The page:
We are located in Dresden, capital of Saxony, in what used to be the German Democratic Republic (GDR). Leaving from the north of the city, already where the houses end, we pass under a highway and to the left is the Heidefriedhof, one of the cemeteries that the municipality has.We enter and find a typical German cemetery, with a wide central walk and a dense wooded area on the sides scattered with tombstones.
After walking a few tens of meters along the central promenade, an obelisk with the initials of the Fédération Internationale des Résistants (FIR) is erected. It forms a cauldron from which flames rise. Below, a plate with a text in quite visible letters: “Zum Höchsten der Menschheit emporgestrebt” (Having aspired to the highest of Humanity). From this memorial, turning to the right, a monumental complex with a circular plaza and two promenades begins, which honors the struggle against fascism and reminds us of the horrors of war, an ode to peace and anti-militarism.
The collective tombs of anti-fascist fighters are located in one wing of the complex, the one closest to the FIR’s obelisk. Names are mixed in different languages, most of them are German. But we also find others such as Ángel Álvarez, Santiago Zamuz, Policarpo García-Suárez, Domingo Villanueva or Julio Aristizábal. What are these recorded names doing there? We follow the traces of Operation Bolero-Paprika.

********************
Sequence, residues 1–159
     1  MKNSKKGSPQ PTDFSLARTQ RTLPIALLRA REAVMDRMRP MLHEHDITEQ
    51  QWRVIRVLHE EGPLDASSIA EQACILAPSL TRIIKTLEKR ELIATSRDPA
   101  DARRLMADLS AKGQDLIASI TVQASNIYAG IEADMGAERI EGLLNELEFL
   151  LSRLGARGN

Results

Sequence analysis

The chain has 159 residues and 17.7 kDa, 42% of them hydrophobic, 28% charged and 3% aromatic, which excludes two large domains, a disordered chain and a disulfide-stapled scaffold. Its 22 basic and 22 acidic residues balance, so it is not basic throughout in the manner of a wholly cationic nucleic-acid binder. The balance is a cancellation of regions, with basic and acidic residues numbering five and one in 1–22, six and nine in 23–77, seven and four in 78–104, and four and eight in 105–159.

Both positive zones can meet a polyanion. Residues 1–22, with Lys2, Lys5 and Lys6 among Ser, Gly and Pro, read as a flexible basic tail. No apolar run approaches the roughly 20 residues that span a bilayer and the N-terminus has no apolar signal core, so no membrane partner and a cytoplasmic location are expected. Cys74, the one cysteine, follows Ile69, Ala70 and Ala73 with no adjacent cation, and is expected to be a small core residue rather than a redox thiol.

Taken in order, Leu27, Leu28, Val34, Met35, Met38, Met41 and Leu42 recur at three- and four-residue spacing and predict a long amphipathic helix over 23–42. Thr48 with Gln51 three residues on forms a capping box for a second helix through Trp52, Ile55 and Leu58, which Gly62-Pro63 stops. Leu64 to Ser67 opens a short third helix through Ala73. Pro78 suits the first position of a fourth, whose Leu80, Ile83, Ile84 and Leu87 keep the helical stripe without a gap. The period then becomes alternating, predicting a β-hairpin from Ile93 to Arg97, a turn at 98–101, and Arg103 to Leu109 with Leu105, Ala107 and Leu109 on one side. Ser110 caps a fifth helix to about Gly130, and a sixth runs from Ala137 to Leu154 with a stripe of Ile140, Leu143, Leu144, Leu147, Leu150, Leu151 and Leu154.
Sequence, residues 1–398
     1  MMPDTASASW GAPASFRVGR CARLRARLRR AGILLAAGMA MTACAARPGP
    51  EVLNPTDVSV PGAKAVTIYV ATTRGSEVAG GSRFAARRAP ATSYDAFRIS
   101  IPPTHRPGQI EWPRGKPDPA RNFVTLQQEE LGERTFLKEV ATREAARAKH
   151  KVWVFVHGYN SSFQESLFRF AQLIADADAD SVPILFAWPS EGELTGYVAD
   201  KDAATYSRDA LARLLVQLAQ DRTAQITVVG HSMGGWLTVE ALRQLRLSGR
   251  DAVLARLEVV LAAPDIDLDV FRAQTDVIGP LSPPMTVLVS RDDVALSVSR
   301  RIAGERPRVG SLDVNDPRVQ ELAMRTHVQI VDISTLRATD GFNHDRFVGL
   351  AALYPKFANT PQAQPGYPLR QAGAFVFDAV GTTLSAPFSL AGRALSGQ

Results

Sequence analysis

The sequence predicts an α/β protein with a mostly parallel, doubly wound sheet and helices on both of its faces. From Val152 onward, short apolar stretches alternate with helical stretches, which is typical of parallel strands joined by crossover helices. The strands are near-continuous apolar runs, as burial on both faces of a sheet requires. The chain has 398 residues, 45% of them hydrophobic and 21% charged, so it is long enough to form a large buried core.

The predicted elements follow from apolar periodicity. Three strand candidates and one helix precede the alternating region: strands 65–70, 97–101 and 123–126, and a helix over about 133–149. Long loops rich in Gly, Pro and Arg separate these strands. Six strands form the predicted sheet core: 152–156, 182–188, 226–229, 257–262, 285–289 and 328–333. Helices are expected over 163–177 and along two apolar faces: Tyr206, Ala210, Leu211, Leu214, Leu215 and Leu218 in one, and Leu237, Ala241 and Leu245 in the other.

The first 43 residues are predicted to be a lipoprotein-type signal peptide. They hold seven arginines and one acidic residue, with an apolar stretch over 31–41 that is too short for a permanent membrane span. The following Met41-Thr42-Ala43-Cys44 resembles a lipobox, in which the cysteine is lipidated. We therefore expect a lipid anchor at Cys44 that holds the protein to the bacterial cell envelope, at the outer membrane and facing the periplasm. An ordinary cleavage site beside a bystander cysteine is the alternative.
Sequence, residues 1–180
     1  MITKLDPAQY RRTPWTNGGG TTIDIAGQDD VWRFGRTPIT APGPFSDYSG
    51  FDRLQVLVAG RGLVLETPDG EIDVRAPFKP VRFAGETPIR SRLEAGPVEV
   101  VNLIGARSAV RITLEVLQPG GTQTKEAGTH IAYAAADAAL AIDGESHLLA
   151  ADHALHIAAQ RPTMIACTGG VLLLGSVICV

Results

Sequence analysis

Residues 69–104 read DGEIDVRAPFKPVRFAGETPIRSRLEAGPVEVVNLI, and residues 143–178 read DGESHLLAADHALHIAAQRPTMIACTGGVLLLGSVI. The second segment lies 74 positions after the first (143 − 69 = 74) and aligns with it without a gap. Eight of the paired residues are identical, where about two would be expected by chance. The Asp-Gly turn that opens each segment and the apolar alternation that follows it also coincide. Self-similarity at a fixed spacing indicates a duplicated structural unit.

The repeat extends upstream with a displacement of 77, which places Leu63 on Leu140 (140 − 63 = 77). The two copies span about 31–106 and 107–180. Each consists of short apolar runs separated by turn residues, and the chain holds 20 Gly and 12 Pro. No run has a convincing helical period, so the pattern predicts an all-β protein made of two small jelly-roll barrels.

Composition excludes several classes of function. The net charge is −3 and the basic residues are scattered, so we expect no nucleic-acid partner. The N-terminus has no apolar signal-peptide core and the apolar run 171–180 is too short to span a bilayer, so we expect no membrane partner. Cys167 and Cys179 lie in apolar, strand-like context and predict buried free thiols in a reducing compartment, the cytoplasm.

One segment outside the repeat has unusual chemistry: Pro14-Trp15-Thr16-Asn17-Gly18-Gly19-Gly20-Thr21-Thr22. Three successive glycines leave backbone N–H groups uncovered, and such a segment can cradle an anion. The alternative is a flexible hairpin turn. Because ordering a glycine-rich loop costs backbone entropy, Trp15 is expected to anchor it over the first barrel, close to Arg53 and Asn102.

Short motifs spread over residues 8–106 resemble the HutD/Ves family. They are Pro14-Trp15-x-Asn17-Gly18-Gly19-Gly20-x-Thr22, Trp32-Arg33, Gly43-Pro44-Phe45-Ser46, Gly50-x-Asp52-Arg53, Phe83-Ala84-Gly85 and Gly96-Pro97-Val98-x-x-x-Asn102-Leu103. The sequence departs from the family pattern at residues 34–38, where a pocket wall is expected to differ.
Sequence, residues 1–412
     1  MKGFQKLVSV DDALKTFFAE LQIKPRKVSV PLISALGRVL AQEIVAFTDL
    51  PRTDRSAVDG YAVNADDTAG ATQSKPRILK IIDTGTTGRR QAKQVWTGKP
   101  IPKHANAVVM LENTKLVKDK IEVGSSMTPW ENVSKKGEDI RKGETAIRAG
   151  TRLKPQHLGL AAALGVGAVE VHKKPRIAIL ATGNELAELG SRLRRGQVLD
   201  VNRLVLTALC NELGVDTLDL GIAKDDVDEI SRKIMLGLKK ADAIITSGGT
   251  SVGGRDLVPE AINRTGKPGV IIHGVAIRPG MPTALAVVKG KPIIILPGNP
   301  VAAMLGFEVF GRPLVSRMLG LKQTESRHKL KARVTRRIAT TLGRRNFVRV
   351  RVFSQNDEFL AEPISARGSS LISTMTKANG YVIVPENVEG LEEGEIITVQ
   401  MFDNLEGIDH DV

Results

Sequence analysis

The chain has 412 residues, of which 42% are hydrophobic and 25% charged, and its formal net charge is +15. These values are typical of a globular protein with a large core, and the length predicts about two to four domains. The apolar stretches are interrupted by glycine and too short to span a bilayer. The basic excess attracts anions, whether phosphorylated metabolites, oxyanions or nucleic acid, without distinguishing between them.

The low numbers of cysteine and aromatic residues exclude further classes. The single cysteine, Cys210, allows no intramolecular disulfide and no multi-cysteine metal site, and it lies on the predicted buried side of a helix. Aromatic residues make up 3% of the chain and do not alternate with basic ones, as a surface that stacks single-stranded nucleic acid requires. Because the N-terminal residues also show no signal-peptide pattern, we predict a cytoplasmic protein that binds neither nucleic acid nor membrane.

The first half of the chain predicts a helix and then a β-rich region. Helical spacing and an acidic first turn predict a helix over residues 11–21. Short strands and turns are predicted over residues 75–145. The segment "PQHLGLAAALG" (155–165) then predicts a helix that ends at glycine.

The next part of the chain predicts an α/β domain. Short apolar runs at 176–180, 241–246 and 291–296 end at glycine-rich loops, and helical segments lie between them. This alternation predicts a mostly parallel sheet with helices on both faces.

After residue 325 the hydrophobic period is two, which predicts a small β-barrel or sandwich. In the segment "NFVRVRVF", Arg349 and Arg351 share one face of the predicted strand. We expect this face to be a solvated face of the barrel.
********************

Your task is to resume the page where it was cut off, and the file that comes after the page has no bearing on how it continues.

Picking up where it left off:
On September 7, 1950, the French Republican Security Companies (CRS), a special police force, entered the homes of dozens of Spanish and Eastern European communists living in France. Thus began Operation Bolero-Paprika. Accused of disturbing public order or of being fifth columnists of the French Republic, they were expelled from the country. A pact between the United States, France and Franco’s Spain in the middle of the Cold War – sent many Republicans who had fought against fascism in Spain and France, against Franco and against Hitler, into a second exile.